In the case of boys, especially, there’s all kinds of research to show that boys are generally punished more harshly than girls for similar behavior, and Black boys get it worse than white boys. The evidence shows that these discrepancies are unintentional but pervasive — as in, happening in most schools around the country, for decades — and that this disproportionate punishment contributes to boys' disengagement from school, the academic achievement gap and the school-to-prison pipeline.”
[The following is from a witch who is also an elementary educator]:
“The best way to approach a situation like this is to make an appointment. Emailing back and forth—don’t. If it’s something that’s really bothering you, you have to have a face to face talk. You gotta ask for specifics, what exactly happened so you can go back to your kid. My kids don’t tell me anything. My daughter’s teacher used to tell me certain incidents that would happen with my daughter. I would get all the information from the teacher about exactly what she saw so I could go back to my daughter and say ‘OK, this is what other people said.’ She would be like, ‘Oh yeah, okay, this happened and that happened’ and you get a fuller picture.
It’s not necessarily that you’re questioning the teacher. You can go back to the teacher and say, ‘This is what my kid told me about that situation.’ What probably happened was he kicked somebody and the teacher heard it after the fact and she doesn’t have all the information. It’s not that you’re necessarily discounting what the teacher says. If you get the biggest picture possible, you can more effectively address it.
Sometimes a teacher and a kid just don’t get along though. I had one kid: we were oil and water. We had a meeting with the parents and we came up with a behavior plan. It was a literal contract we signed. ‘We will not do this, this is what the kid will not do, these are the rules that we are asking you not to do and we will stick to these rules.’ If it’s violated we do step 1, step 2, step 3. This is what behavior is expected, this is what’s going to be triggered if it’s not done. It gives responsibility to both the teacher and the kid. If the kid did get in trouble, well, did you follow the rules? If it was like ‘Yes, but I pushed the kid and I got in trouble but somebody was throwing sand and I pushed him out of the way because he was going to get pelted with sand,’ then you know there is a mechanism, you can come back and you have a point of reference where you can talk about it.”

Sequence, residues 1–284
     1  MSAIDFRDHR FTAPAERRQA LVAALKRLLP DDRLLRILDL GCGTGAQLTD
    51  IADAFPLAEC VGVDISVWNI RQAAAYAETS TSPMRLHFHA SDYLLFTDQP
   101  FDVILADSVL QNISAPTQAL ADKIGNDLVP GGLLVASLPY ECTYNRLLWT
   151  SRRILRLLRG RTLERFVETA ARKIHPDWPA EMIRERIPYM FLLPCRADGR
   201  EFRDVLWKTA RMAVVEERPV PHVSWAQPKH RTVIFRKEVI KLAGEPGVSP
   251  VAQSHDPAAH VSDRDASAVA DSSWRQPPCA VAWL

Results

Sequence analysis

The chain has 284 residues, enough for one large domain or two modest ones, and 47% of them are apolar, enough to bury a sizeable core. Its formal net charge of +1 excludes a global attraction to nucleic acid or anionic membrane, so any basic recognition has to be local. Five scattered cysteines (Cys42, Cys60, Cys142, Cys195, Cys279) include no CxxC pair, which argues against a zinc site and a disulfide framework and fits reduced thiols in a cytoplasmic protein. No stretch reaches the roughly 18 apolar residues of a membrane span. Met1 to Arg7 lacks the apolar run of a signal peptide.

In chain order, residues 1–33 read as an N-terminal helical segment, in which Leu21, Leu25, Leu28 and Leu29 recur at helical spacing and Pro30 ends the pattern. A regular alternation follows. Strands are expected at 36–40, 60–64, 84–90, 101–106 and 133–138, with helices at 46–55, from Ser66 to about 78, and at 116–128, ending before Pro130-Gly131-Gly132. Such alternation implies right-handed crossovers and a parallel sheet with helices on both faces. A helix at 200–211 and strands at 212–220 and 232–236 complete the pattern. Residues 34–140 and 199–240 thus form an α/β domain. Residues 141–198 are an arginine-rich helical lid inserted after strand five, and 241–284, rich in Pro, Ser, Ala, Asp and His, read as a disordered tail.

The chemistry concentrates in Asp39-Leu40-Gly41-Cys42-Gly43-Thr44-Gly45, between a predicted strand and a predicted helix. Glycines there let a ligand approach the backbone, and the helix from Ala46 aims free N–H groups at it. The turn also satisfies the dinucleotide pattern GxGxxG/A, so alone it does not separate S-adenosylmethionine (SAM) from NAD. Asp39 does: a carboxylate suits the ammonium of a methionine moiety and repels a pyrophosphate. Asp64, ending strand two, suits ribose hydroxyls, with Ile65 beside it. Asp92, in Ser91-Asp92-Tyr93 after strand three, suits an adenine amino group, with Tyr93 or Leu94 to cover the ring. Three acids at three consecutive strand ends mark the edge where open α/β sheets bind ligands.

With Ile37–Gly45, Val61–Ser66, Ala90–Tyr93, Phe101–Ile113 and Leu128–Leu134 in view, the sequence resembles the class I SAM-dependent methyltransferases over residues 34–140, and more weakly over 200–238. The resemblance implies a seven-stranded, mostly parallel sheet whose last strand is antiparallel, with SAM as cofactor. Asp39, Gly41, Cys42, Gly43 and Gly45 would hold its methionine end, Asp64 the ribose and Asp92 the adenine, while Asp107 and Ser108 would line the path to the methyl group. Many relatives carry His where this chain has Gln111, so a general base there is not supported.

Finally, I’ve semi covered this topic in an earlier issue so there’s a little more feedback, particularly covering littler kids here. If you’re reading this issue and are identifying with it hard, remember that really good moms have kids who sometimes act out at school and that doesn’t mean the kids are no less wonderful.
Thanks for reading Evil Witches, a newsletter for people who happen to be mothers. Feel free forward this issue to someone who could maybe use this. If you haven’t yet, I hope you consider becoming a paid subscriber which gets you bonus content and threads! Many years of searchable archives live here.
If you have any questions, feedback, or suggestions for the newsletter you can reply to this email or talk to other witches on Twitter. This made me laugh—here were various things witches compared their children to when I asked last night about kids who get more amped up, not less, at bedtime:
“a WWE pay-per-view”
“coked out gremlins”
“flopping dying fish”